Mar 2, 2014

Director: Chino Moya


Director: Chino Moya
Artist: St Vincent
Video: Digital Witness




How were you approached for the job?

It came through Beth and Carrie the music video reps at HSI, my production company in London.


What inspired you on your idea for the video?

Mainly the idea of creating a dull and simplified world. Something in the verge of being CGI, but still real. Some kind of colourful upbeat dystopia.


The locations in the video remind me so much of Jeffery Smart's paintings. Was his work a major influence for the video's look?

Didn't know about his work. It has a very similar vibe actually. The painter that was a big influence was Neo Rauch. Not much in the look, but in the tone and the absurd functionality of the character's actions.


Did the client have any pre ideas in the brief, or was it an open brief to begin with?

The brief was quite open, but they mentioned things like "tecnoparanoia" and sent a few references from artist's that I really like, like Ryan Trecartin. I gathered from their brief that they were looking for something slightly dystopian. But without the usual ominous morals, so I offered them the idea of a colourful simplified world.


What was the budget?

The budget was 20k GBP, so we had to pull endless favours to make it happen.


Tell us about the production process?

As in most of music videos there were a lot of time and budget constrains. For this particular project we had a very limited time for the pre-production. Only four working days.
I'm still surprised we managed to pull everything together. We needed to find a lot of locations with a very specific look, a cast of 18 people, make the entire wardrobe... And it was the week before Christmas. We actually shot it on the 22nd of December.
Luckily we had a whole month for the post-production. Which was just enough.


Who were your key collaborators?

DOP: Pau Castejón
Set Designer: Stephane Carpinelli
Stylist: Maria Elena Soria
Hair and Makeup: Beatriz Matallana


Have you worked with any of them before?

I've worked with Stephane, the set designer, and Maria Elena, the stylist, a lot of times in the past. Pau and Bea are new additions to the team, but hopefully we'll all work together again. We are either friends or have friends in common. 
I like establishing personal connections with the people I work with and ideally become friends with them. The process, which is rarely easy, becomes more enjoyable.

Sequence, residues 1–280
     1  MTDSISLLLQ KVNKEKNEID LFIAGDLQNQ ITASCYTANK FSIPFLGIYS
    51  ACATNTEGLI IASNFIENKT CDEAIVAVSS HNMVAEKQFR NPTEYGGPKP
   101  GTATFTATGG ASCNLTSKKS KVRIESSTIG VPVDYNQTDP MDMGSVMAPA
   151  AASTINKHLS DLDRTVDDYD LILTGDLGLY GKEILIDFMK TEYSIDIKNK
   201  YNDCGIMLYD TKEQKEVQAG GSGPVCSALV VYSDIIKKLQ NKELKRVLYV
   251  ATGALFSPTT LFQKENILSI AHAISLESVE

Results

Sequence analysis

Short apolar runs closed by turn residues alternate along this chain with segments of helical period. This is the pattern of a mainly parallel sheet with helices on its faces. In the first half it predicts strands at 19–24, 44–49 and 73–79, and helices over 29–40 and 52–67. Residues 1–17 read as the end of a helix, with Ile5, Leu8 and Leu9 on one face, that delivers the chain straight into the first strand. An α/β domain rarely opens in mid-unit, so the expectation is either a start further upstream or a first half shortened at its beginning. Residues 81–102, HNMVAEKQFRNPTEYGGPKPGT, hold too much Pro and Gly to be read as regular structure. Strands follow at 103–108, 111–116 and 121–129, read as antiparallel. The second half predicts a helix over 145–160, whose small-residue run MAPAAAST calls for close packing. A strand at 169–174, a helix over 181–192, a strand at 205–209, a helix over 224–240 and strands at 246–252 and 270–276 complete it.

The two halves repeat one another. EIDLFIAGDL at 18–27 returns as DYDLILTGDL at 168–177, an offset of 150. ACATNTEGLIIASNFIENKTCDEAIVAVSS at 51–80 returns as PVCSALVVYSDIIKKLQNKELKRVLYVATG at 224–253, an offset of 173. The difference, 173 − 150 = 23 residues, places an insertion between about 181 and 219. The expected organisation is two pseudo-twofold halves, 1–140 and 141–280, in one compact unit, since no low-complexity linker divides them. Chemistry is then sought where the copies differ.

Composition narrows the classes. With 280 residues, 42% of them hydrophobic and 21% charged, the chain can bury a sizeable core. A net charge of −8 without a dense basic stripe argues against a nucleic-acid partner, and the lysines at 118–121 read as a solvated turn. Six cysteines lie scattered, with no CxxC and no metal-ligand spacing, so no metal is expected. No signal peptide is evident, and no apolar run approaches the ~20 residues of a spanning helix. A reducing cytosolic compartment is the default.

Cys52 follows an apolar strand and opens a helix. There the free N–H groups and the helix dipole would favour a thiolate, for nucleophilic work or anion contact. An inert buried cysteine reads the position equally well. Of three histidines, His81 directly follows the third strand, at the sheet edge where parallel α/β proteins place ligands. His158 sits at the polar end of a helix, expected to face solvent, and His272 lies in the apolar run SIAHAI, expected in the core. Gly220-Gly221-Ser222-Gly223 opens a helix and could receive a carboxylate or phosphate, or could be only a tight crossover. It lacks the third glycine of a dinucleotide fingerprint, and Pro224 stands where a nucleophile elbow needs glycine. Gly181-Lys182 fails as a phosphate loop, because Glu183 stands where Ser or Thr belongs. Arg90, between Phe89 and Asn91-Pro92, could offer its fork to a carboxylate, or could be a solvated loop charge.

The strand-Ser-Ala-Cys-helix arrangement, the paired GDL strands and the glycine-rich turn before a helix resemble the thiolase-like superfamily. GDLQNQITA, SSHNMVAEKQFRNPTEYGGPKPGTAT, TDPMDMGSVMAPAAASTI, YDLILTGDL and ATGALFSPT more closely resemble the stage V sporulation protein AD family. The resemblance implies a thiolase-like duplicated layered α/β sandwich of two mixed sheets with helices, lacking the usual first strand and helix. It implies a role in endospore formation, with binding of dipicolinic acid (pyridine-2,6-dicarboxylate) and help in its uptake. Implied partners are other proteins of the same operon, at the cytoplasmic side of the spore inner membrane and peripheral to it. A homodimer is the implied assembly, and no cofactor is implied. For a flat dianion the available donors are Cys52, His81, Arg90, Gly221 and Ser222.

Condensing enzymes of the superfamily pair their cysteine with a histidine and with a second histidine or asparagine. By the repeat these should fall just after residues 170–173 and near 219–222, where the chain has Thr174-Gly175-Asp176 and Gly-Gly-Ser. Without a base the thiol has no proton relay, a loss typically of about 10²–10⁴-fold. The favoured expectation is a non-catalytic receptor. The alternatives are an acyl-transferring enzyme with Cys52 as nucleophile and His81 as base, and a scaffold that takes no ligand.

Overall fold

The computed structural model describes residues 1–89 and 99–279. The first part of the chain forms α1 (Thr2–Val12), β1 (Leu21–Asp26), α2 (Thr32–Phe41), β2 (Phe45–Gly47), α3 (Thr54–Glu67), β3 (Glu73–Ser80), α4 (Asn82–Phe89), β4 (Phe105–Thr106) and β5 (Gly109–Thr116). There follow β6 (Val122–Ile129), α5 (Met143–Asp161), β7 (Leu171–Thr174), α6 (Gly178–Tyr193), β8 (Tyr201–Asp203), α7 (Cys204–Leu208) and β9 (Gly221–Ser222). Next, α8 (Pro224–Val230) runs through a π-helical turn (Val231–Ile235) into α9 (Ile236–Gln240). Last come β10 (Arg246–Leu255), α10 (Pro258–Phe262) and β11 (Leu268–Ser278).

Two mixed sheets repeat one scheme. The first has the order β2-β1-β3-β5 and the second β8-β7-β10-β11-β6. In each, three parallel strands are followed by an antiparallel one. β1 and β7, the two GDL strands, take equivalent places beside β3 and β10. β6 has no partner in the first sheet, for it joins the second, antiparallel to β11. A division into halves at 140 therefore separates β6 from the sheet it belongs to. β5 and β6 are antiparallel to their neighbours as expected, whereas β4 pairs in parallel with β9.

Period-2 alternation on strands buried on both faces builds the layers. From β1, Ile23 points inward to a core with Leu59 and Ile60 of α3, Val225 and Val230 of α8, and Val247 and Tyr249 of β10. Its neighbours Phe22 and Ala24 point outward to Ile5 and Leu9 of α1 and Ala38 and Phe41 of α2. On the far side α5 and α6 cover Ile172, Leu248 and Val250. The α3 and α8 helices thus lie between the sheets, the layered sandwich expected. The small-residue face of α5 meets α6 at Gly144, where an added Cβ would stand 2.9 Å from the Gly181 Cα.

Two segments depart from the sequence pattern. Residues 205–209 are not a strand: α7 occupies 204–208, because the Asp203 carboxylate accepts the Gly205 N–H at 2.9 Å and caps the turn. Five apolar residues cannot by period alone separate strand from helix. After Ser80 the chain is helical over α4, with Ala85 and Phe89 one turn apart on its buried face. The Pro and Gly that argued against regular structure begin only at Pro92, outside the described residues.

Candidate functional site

What did you shoot on? What lenses did you use?

We shot with two Alexas with Zeiss T2.1 (primes) and a zoom angenieux 17-102mm.


Where were the actual locations you shot at?

It was all shot in Madrid, where I grew up. Ten years ago, during the housing bubble, they built a lot of new areas in the outskirts of the city. But they ran out of money they couldn't build the subway, schools etc, as they promised so the areas ended up half empty and half finished. Now there are just a bunch of big buildings standing in the middle of nowhere. 

Was there much compositing done for those external scenes?

There was a lot of compositing. Every single exterior shot has been retouched. And also a lot of work was put on deleting everything from the streets (cars, people, road signs, windows, trees...). It was entirely made in Nuke over a month by a post house in Madrid called UserT38.

Here is a breakdown of the post-production:




How involved were the band and label?

I always wish there would be more time for pre-production in music videos, but that is how the industry works. In any case Annie Clarke, the artist, and Adam Farrel, from the label, were fully involved in the process and made wise comments all the way through. They pushed it always in the right direction.


If you had a chance to approach it again, what would you do differently?

Many things and none... It's hard to say in this one. It is one of these projects in which we were very lucky. All the things that could, had gone wrong - and there were a lot of them - nothing did go wrong. There are obviously some little details here and there that I could had changed, but only small stuff. The kind of things that used to bother me as I finished the video, but that I don't notice anymore.


You can see the rest of Chino's work at his website: http://chinomoya.com 


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